To a degree that may be decided by where the Championship ends up. There’s no clear start date there yet so where is anybody going to be relegated to? From a Premiership club owner’s point of view, it makes perfect sense to ring-fence because nine times out of ten the relegated club comes back up. It costs you £3m-£4m and then the cycle starts again. What’s the point of that? Also, from a business perspective, it makes no sense to have relegation while so few clubs are equipped to come the other way. Then there’s the other side where everyone loves a good relegation fight. As far as I’m concerned, the sensible thing would be to have a moratorium.

Maybe the obvious thing to do is promote Saracens and Ealing, go to 14, scrap the Premiership Cup and have 26 games. Thoughts on that?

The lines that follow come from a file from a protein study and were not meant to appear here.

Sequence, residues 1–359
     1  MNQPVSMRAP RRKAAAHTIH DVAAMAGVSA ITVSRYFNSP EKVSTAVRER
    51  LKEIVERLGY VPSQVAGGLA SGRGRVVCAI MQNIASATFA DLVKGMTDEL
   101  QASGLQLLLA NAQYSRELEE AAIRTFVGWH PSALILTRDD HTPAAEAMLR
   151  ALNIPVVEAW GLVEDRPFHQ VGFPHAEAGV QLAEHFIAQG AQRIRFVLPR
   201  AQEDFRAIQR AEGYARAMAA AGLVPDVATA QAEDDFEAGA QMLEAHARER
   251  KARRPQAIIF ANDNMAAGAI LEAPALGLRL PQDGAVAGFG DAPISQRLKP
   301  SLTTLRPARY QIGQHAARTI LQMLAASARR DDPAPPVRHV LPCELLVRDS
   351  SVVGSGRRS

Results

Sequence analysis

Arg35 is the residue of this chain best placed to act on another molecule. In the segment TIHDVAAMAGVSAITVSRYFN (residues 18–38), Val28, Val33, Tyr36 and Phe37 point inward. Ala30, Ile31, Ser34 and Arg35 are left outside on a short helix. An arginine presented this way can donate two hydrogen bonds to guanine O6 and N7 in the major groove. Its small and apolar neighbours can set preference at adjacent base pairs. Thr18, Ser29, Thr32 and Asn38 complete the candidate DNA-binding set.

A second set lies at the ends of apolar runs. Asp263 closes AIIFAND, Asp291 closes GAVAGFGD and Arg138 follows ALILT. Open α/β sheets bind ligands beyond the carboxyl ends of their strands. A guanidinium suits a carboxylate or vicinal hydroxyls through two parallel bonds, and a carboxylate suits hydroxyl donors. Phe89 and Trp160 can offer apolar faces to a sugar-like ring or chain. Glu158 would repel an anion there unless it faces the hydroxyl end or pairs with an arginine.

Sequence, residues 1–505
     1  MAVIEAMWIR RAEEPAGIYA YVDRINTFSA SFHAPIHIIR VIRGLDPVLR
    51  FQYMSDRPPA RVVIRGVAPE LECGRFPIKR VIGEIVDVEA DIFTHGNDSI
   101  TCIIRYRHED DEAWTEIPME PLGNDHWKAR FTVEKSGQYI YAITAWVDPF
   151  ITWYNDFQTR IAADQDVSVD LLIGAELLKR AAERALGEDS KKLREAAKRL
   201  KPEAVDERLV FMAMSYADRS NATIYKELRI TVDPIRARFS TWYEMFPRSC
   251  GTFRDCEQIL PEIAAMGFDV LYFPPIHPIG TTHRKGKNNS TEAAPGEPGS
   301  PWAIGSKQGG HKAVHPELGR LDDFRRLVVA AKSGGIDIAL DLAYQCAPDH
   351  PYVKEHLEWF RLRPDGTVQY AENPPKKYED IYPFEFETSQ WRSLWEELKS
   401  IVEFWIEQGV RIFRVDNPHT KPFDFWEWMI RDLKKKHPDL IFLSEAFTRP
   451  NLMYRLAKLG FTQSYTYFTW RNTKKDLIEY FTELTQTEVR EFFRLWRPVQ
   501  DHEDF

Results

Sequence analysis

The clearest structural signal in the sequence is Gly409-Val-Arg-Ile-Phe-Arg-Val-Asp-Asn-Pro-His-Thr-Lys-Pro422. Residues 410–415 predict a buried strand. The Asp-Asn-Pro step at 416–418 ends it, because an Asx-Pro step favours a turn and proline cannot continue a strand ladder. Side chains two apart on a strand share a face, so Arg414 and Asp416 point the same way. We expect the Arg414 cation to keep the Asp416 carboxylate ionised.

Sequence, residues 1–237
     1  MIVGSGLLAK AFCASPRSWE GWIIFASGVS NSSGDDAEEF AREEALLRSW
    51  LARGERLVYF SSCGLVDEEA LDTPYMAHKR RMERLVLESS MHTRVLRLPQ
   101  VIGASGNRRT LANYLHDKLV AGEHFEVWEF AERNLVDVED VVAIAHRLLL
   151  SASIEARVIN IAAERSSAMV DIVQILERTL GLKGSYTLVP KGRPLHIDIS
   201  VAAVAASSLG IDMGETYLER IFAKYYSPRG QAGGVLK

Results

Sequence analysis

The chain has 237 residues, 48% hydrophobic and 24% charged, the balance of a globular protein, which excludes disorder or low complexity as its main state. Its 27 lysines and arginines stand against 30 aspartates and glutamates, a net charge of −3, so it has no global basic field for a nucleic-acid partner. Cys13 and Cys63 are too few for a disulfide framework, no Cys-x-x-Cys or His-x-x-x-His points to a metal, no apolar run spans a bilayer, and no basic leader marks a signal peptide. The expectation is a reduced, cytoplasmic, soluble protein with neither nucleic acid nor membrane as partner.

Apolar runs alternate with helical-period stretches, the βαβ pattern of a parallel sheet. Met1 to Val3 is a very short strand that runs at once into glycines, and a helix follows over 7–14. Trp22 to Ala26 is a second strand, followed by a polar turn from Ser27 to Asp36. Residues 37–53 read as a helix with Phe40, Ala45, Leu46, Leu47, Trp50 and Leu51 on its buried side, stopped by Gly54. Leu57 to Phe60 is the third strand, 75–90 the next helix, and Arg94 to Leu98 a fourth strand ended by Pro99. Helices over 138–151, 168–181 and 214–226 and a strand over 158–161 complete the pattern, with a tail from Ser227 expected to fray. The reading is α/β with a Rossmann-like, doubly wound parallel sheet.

It may well make sense to do that and lots of options have been considered.

Confident the 2020/21 season will start on time and be completed?

At the moment, yes. We’ve been able to play up to now because we’ve been testing every player, every week. As long as we can find a sensible way forward with testing, because it’s not cheap, there’s no reason to be pessimistic about starting the 2020/21 season. But until we get an understanding of whether we’re heading into another deeper lockdown there are still lots of moving parts and things can change quickly.